A Few Thoughts on Philip Seymour Hoffman, Addiction and True Tragedy

Last weekend Bryan asked me to join him watching a movie – Synecdche, New York, written and directed by Charlie Kaufman. This movie tells the story of a troubled New York playwright who is obsessed with his own mortality and sets out to construct a massive play that he hopes will give meaning to his life. Now I’m not a fan of Kaufman’s movies, so this one wasn’t high on my priority list of films to see. But I decided to give it a chance for one reason only: Philip Seymour Hoffman.

I finished the movie with the same opinion of Charlie Kaufman as I did before starting Synecdche. But there was one opinion I had that was confirmed by this trippy film. Hoffman – who played the lead in Synecdche, New York – was nothing short of brilliant.

Hoffman was one of the greatest actors I’ve ever watched, embodying his characters so much that it was almost eerie. Just like in Synecdche, he brought immense talent and realism to the screen that you actually forget it is Hoffman playing a character at all.


I was shocked when I heard about Hoffman’s death this past Sunday. I am devastated when I think about the talent that is lost and his children who are left without a father. And I’m haunted thinking about the manner in which he died and the demons that must have plagued his life so deeply.

But more than the sadness, I’ve been almost speechless at the comments people are writing throughout the Interwebs — how Hoffman chose drugs over his life, that he was selfish and wanted to die.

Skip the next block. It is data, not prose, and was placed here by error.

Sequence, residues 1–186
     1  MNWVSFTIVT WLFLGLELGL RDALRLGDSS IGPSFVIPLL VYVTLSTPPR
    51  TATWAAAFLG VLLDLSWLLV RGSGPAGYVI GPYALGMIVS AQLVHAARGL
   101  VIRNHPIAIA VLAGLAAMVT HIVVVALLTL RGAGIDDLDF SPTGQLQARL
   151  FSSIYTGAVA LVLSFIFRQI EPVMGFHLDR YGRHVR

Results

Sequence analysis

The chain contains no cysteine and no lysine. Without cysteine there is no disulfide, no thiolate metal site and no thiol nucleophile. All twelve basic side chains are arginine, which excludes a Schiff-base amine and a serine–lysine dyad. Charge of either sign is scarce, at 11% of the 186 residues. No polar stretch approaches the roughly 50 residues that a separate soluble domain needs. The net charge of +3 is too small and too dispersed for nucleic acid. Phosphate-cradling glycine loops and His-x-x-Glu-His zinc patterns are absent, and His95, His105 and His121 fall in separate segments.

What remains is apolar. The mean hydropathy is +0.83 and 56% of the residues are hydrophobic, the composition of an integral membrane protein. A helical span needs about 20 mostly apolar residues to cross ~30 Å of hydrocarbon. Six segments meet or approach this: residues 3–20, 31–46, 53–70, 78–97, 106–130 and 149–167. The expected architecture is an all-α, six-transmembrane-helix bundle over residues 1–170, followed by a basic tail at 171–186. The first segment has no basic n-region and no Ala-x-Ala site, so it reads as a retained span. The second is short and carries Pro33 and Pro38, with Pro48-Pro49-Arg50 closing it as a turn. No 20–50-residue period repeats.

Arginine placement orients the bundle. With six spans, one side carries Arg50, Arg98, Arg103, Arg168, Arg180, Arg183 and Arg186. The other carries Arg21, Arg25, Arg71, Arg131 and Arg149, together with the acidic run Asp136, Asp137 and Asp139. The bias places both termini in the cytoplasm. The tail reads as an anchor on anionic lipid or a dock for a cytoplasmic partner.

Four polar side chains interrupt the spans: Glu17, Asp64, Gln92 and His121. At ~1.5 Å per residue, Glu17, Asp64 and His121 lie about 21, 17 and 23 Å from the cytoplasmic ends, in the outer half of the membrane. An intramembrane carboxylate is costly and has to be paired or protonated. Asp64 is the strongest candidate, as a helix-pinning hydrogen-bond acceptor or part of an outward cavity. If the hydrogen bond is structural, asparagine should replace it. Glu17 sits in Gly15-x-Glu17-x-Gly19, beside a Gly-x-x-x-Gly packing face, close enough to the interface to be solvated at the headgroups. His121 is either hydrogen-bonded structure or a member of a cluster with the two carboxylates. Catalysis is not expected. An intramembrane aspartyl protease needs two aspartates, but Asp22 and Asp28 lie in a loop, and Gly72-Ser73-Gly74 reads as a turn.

Addiction is a scary, all-consuming beast. Drug addiction, alcoholism, gambling, sex addiction, shoplifting, smoking, over-eating, over-spending … taken to the extreme, these are all addictions that can be as dangerous as shooting heroin.

People don’t set out to become addicts. It’s not a career objective that’s written at the top of a resume. Addiction is a way of life that becomes almost inescapable.

It saddens me that people pass judgment about Hoffman’s life (and so many others) without for a minute thinking about how much pain (physical and emotional) he must have been in at the time he died.

I personally cannot go a day without a cup of coffee or two Excedrin because otherwise I will be overtaken by a horrible caffeine-withdrawal headache. Do you think I’d like to stop consuming caffeine? Absolutely! But you know what happens? The headache takes over and all I want is relief from pain.

Now I’m just talking about caffeine, a legal substance. Can you imagine the physical pain a heroin addict is in? I, for one, cannot. And I’d be willing to bet that a lot of the other people on the Interwebs passing judgment about Hoffman’s choices cannot imagine it either.


I am glad we watched Synecdche, New York the week before Hoffman died. I think it would be too heartbreaking to watch now, mainly to see Hoffman play such a sad and lonely man, trudging through a very difficult life, full of utter pain. More to the point, it would be too difficult for me to watch Hoffman portray not just another amazing character, but himself on screen.

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